Thu October 13 2011, 09:35 PMBF
Watchdog: Air traffic controller errors soaring
WASHINGTON (AP) — Errors by air traffic controllers in the vicinity of airports as well as incidents in which there was an unauthorized plane, vehicle, or person on a runway have increased sharply, a government watchdog said in a report released Thursday.
Mistakes by controllers working at radar facilities that handle approaches and departures within about 30 miles of an airport that cause planes to fly too close together nearly doubled over three years ending in March, the Government Accountability Office report said.
Separately, runway incursions at airports with control towers increased from 11 incidents per million takeoffs and landings in the 2004 federal budget year to 18 incidents per million takeoffs and landings in the 2010 federal budget year. Most large and medium-sized airports have control towers. Such "runway incursions," as they are called, can involve anything that's not supposed to be on a runway, from a stray baggage cart to a plane that makes a wrong turn while taxiing.
The deadliest accident in aviation history occurred on March 27, 1977 on an airport runway on the Spanish island of Tenerife in the Canary Islands when two Boeing 747s collided, killing 583 people.
The Federal Aviation Administration attributed the increases in controller errors to better error reporting. FAA Administrator Randy Babbitt has also said previously that the agency is using new a plane-tracking system at approach control facilities better able to spot planes too close together. But the report said technologies aimed at improving automated reporting of incidents have not yet been fully implemented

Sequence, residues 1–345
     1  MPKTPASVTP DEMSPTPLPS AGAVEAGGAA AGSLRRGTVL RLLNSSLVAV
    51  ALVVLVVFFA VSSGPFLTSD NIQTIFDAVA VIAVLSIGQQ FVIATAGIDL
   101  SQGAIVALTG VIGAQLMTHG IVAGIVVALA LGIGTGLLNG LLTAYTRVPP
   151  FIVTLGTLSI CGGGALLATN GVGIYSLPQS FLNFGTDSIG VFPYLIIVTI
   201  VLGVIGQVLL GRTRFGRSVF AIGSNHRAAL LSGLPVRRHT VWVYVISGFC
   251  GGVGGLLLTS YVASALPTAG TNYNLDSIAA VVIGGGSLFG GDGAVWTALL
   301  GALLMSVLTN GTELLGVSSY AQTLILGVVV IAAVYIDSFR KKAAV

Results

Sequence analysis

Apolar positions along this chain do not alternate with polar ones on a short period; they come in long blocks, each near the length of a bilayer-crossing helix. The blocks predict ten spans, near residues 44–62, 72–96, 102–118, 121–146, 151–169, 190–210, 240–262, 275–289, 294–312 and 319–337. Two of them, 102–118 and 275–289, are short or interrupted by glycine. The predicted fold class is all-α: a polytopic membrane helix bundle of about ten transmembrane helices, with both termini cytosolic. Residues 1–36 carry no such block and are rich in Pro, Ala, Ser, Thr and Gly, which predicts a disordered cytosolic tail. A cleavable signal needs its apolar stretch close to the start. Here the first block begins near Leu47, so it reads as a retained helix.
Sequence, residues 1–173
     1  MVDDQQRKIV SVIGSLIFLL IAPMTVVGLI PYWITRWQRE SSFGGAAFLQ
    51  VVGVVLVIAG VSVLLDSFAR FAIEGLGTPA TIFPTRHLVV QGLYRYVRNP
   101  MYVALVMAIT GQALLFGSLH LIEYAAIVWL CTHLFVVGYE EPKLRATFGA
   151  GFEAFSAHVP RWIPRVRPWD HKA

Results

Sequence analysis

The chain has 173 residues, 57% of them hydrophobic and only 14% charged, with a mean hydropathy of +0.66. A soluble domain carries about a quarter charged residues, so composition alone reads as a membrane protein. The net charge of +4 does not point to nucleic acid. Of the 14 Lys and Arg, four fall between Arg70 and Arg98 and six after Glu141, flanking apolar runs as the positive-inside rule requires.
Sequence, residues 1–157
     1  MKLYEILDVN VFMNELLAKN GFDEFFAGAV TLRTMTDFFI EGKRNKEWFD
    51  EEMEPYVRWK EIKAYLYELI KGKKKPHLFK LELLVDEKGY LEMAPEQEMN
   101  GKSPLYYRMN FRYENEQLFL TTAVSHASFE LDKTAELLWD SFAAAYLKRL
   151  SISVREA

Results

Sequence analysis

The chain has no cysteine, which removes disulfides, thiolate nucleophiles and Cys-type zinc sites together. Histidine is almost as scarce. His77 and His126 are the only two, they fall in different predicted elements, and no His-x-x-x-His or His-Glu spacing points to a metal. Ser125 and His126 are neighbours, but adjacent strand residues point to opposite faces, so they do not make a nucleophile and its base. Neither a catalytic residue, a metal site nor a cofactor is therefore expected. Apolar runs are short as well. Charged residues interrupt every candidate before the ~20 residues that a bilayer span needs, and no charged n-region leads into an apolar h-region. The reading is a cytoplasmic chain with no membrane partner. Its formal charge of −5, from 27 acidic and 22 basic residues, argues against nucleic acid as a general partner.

Apart from the automated system, the FAA has also adopted a new error reporting policy that encourages controllers to disclose their mistakes by not punishing them for those errors.
"As a result of this culture change, the FAA expected to see an increase in reported operational errors. More information will help us find problems and take action before an accident happens, which will help us build an even safer aviation system," the agency said in a statement.
The GAO report acknowledged that changes in reporting policies and procedures at FAA may be partly responsible for the increases.
"However, trends may also indicate an increase in the actual occurrence of incidents," the report said.
The FAA statement doesn't address the increases in runway incursions. The FAA has had a program to reduce runway incursions since at least 2007, and officials have claimed significant success.
The GAO report says that while FAA officials have met their goals for reducing runway incursions overall, the rate of incidents at airports with towers has increased.
"The increase in runway safety incidents raises significant concerns," said House Transportation and Infrastructure Committee Chairman John Mica, R-Fla. He said his committee would host a meeting with FAA officials and others on the issue.
Paul Rinaldi, president of the National Air Traffic Controllers Association, noted that the GAO also credited FAA with taking steps to improve runway safety.
"We take this report very seriously," Rinaldi said in a statement. "We are working every day to ensure Americans' safety in the skies. This includes implementing procedural and technological changes to improve runway safety, collecting more data on safety incidents, finding ways to share usable safety information down to the local facility level and shifting toward risk-based analysis of airborne and surface aviation safety information."